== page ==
United States District Court, S.D. California
CHRISTOPHER MELINGONIS, individually and on behalf of all others similarly situated, Plaintiff,
RAPID CAPITAL FUNDING, L.L.C.; and, MERCHANT WORTHY, INC., Defendants.
WILLIAM Q. HAYES, United States District Judge
matters before the Court are the motion to dismiss the first
amended complaint filed by Defendant Merchant Worthy, Inc.
(“Merchant Worthy”) (ECF No. 26) and the motion
for leave to amend the complaint filed by Plaintiff
Christopher Melingonis (ECF No. 27).
February 24, 2016, Plaintiff initiated this action by filing
a complaint against Defendant Rapid Capital Funding L.L.C.
(“Rapid Capital”) alleging violations of the
Telephone Consumer Protection Act, 47 U.S.C. § 227, et
seq. (ECF No. 1). On April 15, 2016, Rapid Capital filed an
answer. (ECF No. 4).
August 16, 2016, the Magistrate Judge issued a Scheduling
Order in this matter requiring that any motion to join other
parties, to amend the pleadings or to file additional
pleadings be filed on or before September 12, 2016. (ECF No.
October 18, 2016, Plaintiff filed a first amended complaint
against Defendant Rapid Capital and the newly-added Defendant
Merchant Worthy. (ECF No. 18).
December 30, 2016, Defendant Merchant Worthy filed a motion
to dismiss the first amended complaint. (ECF No. 26).
Plaintiff did not file a response in opposition to this
motion to dismiss. On January 30, 2017, Defendant Merchant
Worthy filed a “Notice of No Opposition Filed in
Response to Defendant Merchant Worthy Inc.'s Motion and
Motion to Dismiss First Amended Class Action
Complaint.” (ECF No. 32).
January 9, 2017, Plaintiff filed a motion for leave to file
an amended complaint, in which Plaintiff states that he
withdraws the first amended complaint. (ECF No. 27). On
January 23, 2017, Defendant Merchant Worthy filed a response
in opposition to the motion seeking leave to file an amended
complaint. (ECF No. 29). On January 30, 2017, Plaintiff filed
a reply. (ECF No. 31).
Plaintiff's Motion for Leave to File an Amended
states that he “withdraws the First Amended Complaint
which was filed on October 19, 2016” and requests leave
to amend the original complaint to add Merchant Worthy as a
defendant. (ECF No. 27-1 at 2). Plaintiff states that he has
no objection to Defendant Merchant Worthy's alternative
request to set a new Case Management Conference to restart
the deadlines in this action. Id. at 3. Plaintiff
further requests that Defendant Merchant Worthy's motion
to dismiss be denied as moot. Id. at 4. Plaintiff
contends that good cause exists to amend his complaint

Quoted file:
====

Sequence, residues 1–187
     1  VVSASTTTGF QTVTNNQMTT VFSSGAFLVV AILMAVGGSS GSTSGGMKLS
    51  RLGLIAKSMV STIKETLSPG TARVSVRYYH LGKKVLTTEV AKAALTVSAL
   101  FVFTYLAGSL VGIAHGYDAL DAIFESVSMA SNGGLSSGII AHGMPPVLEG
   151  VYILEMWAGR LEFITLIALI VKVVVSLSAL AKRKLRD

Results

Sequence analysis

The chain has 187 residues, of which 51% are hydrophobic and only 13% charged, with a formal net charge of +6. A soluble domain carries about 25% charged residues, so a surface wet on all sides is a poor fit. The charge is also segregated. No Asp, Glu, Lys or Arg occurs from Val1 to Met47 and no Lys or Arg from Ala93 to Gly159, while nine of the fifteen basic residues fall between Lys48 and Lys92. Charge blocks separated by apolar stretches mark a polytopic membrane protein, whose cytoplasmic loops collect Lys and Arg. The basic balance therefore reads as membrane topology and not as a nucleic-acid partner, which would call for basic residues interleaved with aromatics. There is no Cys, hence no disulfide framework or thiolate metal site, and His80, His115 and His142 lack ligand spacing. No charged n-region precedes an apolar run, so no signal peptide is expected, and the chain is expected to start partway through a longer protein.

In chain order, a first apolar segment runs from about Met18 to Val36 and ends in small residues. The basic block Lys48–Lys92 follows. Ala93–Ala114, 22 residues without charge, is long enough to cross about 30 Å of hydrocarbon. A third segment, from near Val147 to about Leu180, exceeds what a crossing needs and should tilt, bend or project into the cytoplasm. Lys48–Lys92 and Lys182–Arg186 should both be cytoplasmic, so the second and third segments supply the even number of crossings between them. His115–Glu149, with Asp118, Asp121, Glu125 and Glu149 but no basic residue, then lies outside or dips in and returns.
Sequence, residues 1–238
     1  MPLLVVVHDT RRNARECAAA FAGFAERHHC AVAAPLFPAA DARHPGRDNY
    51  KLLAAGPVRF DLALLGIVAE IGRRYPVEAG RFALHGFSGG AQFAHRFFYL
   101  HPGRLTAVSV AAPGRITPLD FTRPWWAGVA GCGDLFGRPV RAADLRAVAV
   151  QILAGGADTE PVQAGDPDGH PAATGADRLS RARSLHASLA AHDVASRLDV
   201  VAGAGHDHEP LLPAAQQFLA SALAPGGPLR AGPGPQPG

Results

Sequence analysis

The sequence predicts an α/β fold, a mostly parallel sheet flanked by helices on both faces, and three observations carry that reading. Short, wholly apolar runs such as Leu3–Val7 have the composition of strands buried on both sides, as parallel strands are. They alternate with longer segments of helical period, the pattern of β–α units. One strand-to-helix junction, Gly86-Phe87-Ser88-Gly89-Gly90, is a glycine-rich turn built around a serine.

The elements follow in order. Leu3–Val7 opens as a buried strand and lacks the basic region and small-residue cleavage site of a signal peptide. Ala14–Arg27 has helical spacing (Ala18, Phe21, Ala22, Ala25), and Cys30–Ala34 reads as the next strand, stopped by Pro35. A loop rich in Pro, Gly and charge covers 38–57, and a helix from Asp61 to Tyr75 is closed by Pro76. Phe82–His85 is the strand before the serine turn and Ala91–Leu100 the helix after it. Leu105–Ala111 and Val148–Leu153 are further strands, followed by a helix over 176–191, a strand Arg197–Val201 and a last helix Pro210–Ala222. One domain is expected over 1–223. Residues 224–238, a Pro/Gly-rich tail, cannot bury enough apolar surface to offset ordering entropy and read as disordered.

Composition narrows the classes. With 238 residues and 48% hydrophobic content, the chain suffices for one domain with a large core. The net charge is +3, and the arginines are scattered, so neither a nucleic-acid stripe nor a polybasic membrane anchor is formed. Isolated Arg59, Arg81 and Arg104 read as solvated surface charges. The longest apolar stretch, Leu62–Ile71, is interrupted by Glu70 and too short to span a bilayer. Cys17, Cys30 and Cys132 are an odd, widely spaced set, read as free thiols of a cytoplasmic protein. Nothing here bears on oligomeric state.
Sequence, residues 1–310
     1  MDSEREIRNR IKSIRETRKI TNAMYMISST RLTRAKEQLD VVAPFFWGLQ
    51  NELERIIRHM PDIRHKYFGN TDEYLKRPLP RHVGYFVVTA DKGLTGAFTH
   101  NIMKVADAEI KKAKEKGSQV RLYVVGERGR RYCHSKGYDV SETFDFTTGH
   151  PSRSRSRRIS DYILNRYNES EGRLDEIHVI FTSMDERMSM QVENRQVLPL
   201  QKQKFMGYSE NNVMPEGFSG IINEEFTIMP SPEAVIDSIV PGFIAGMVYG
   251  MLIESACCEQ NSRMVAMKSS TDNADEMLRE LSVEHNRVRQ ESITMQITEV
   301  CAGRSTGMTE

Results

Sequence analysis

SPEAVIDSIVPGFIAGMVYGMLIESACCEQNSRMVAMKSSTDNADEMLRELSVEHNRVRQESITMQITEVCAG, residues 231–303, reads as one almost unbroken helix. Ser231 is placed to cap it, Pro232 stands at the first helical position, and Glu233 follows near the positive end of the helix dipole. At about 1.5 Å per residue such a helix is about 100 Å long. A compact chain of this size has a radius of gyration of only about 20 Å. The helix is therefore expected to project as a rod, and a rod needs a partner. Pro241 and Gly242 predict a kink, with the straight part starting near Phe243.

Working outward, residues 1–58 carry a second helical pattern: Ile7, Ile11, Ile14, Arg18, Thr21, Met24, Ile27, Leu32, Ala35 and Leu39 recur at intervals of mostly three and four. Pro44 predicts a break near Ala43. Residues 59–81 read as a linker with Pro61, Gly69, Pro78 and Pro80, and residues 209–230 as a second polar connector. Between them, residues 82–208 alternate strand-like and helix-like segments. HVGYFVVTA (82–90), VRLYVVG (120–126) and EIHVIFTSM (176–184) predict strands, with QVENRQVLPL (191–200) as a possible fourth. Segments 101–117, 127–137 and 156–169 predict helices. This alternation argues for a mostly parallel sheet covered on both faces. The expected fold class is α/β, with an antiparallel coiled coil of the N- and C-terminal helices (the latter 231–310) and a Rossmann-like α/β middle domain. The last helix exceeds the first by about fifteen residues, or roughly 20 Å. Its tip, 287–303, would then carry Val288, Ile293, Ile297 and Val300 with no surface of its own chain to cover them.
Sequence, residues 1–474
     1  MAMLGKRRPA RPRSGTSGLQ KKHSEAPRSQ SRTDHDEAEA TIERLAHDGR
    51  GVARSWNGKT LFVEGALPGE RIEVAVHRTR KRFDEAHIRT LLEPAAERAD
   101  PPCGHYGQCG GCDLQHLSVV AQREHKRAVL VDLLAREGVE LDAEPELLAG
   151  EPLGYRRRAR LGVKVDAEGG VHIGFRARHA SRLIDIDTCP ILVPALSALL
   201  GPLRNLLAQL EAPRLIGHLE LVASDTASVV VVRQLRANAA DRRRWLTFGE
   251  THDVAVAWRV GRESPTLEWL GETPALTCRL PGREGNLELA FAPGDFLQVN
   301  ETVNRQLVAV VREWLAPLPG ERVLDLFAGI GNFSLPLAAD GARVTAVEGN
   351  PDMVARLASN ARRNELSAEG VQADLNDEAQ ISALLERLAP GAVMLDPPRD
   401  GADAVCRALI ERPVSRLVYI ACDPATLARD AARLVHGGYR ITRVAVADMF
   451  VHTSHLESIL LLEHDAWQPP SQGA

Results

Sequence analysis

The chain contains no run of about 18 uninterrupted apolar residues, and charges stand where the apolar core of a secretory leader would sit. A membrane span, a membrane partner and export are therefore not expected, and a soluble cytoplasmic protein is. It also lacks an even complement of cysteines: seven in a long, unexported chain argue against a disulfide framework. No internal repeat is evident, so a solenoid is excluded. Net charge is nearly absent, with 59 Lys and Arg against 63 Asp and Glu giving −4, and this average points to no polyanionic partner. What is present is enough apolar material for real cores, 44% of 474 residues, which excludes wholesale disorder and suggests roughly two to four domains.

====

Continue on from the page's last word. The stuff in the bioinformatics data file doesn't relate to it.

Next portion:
because he could not have included Defendant Merchant Worthy
in the original complaint. Plaintiff contends that he was not
aware of the existence of Defendant Merchant Worthy or its
relation to the current action until September 30, 2016
following the receipt of written discovery. Id. at
3; ECF No. 31 at 2. Plaintiff contends that during discovery,
Defendant Rapid Capital represented that at least one of the
phone calls received by Plaintiff was placed by Defendant
Merchant Worthy. (ECF No. 27-1 at 3).
Merchant Worthy contends that Plaintiff should not be granted
leave to amend because Plaintiff failed to obtain leave of
Court to file the first amended complaint as required by
Federal Rule of Civil Procedure 15(a). (ECF No. 29 at 5).
Defendant Merchant Worthy contends that it will be prejudiced
if it is added as a defendant at this stage of proceedings
because, absent intervention by the Court, it will have
“no opportunity to participate in any class discovery
or prepare for a class certification motion, and will have no
meaningful opportunity to participate in fact discovery in
this action.” Id. at 6. Defendant Merchant
Worthy contends that Plaintiff failed to obtain leave of
Court to add Defendant Merchant Worthy as a defendant as
required by Federal Rule of Civil Procedure 21. Id.
Defendant Merchant Worthy contends that Plaintiff failed to
seek leave of Court to modify the Scheduling Order. Defendant
Merchant Worthy contends that Plaintiff has made no showing
of good cause to modify the Scheduling Order as required by
Federal Rule of Civil Procedure 16(b)(4). Id. at 8.
motion for leave to amend filed after the time period
specified in a district court's scheduling order is
governed by the “good cause” standard of Federal
Rule of Civil Procedure 16(b). Johnson v. Mammoth
Recreations, Inc., 975 F.2d 604, 607-08 (9th Cir. 1992).
Federal Rule of Civil Procedure 16 provides that a district
court must issue a scheduling order that limits “the
time to join other parties, amend the pleadings, complete
discovery, and file motions.” Fed.R.Civ.P. 16(b).
Federal Rule of Civil Procedure 16(b) also provides that
“[a] schedule may be modified only for good cause and
with the judge's consent.” Id. “Rule
16(b)'s ‘good cause' standard primarily
considers the diligence of the party seeking amendment. The
district court may modify the pretrial schedule ‘if it
cannot reasonably be met despite the diligence of the party
seeking the extension.'” Johnson, 975 F.2d
at 609 (citing Fed.R.Civ.P. 16 advisory committee's notes
(1983 amendment)). If the court finds that a plaintiff has
shown good cause pursuant to Federal Rule of Civil Procedure
16(b), the court must consider whether leave to amend is
proper under Federal Rule of Civil Procedure 15. Id.
Rule of Civil Procedure 15(a) provides that after the time
for amendment “as a matter of course” has passed,
“a party may amend its pleading only with the opposing
party's written consent or the court's leave.”
Id. Federal Rule of Civil Procedure 15 mandates that
leave to amend “be freely given when justice so
requires.” Id. “This policy is to be
applied with extreme liberality.” Eminence Capital,
LLC v. Aspeon, Inc., 316 F.3d 1048, 1051 (9th Cir. 2003)
(quotation omitted). In Foman v. Davis, 371 U.S. ...